A throwback from October 31, 1993:
How do you compare one of the most brilliant conservative writers of our time to a long-gone author who was famous for acts against the state? That’s what I want to know. I guess you’d start with a comparison of philosophies; to be specific: the amount of influence the State should have in the lives of its citizens. How much should the State control our lives? Should it [be] at all?
Rush Limbaugh, the radio talk show host who fights liberals with “half a brain tied behind my back,” states that he believes that the government should get out of business. This is a philosophy of Reaganomics or supply-side economics (trickle-down “for you in Rio Linda”). This means that business[es], not [the] government, [decide] prices, and should not be overly taxed by the government, otherwise businesses will crumble. His theory is that if business[es are] allowed to go on [their own without higher taxes], supply and demand will [drive businesses to] grow and make more money, and you get more tax money. Whereas, if you tax them [more], they won’t be able to buy more, won’t make more, and won’t make greater profit. This means less tax money.
Henry Thoreau has no basic theory of business and government, but his main complaint is on legislating morality. He believes that if he doesn’t want to sponsor a cause (ex. [the] Mexican War), he shouldn’t have to pay taxes or help the state. I guess what he’s thinking is that tax money should be like a vote. If a person does not like something that the government has decided to do, or involve itself in, then I shouldn’t have to support it with my tax dollars. This idea is very intriguing, although it would never work, seeing that this is not the perfect society. In order for my interpretation of his philosophy to work, each person would have to go by the honor system. If they didn’t, some Joe could say, “I don’t agree with what the government’s doing at all, so I don’t have to pay taxes at all,” whether he agrees or not.
Thoreau has one man disagreement with Rush. Thoreau states that the inward morality has precedence over anything that government passes, so government should not legislate morality. Rush, on the other hand, thinks that it’s the government’s job to enforce a high, Judeo-Christian code of ethics. Included in this code of ethics are controversial issues from gays in the military, to life in the womb. This essay could go on for days speaking of the injustices and wrong doings, but it won’t.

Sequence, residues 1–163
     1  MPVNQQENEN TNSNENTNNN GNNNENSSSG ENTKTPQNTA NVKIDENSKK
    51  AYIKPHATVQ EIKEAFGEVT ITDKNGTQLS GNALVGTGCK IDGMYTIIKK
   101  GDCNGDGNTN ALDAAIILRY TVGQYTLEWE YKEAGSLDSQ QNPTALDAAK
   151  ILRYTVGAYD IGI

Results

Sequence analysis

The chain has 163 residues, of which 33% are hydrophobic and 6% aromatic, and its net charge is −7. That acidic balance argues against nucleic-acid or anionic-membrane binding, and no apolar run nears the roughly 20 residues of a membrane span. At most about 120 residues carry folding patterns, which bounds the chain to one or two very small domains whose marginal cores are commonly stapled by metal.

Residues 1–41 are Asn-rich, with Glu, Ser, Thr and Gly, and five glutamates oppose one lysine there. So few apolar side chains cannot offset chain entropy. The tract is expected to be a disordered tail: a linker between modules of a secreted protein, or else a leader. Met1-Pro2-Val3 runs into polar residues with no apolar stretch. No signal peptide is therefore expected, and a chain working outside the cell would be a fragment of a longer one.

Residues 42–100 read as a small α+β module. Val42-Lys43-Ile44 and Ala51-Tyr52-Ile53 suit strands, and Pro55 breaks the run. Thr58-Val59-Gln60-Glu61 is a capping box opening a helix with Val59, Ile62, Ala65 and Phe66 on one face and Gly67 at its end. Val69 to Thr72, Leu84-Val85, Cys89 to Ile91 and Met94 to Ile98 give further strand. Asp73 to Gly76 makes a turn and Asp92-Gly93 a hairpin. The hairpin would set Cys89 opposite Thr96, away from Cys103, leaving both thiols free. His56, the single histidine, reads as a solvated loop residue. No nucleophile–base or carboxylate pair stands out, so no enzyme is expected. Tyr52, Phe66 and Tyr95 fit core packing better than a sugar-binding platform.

The basic difference between Rush and Thoreau is on the amount of control the government should have enforcing morality. Thoreau thinks that there should be none, and that if a person thinks that something is wrong, he should not have to support it. Rush thinks that morality has to be enforced in order for the country to survive, otherwise we would have anarchy. I’m inclined to agree with Rush on this one.
From the Right,
Adam C. Gregorin
I have to say that reading my work from when I was in 12th grade is pretty fascinating. Heavily influenced by conservative thought and Rush Limbaugh, I find that I wrote some rather interesting, if not hard to read work. That second paragraph above is heavily edited because I couldn’t read one sentence! I’m glad my writing has gotten better, but how did I get an A- on this?! Also, I think I changed my argument midstream, which means I started in one place and ended in another…
My teacher left me some notes, and hey, it’s a great time to address his questions this many years removed, no?
Does the government have the right to decide “morality”? If it can, then such decisions that man is bound by a higher moral code than that of a government edict are incorrect.12th grade English teacher
I would argue that government should not be deciding morality, it should reflect the beautiful, good and true. The founders of the United States wrote that their belief in natural rights– life, liberty, and property– come from a Creator. These rights are inalienable because they come from without. The founders believed that only moral people could follow this government because of this concept– and for that, my teacher is correct in his assertion. Morality exists outside and is not created by the government. That being the case, morality should be reflected and respected in law.
When morality becomes simply what is legal or illegal, then we have a culture with a broken moral compass, free to follow after whatever it can get a majority to support. Since we know that the bent of many is away from the beautiful, good and true– that the natural progression of man is away from God((Romans 1:18ff)), the government must protect what is right, and not weigh in on morality other than to affirm what always existed outside of it, or it will be overthrown or corrupted from within.
Such is the case with all the empires of the world, and such will be the case of ours if we fail to follow the morality given by God.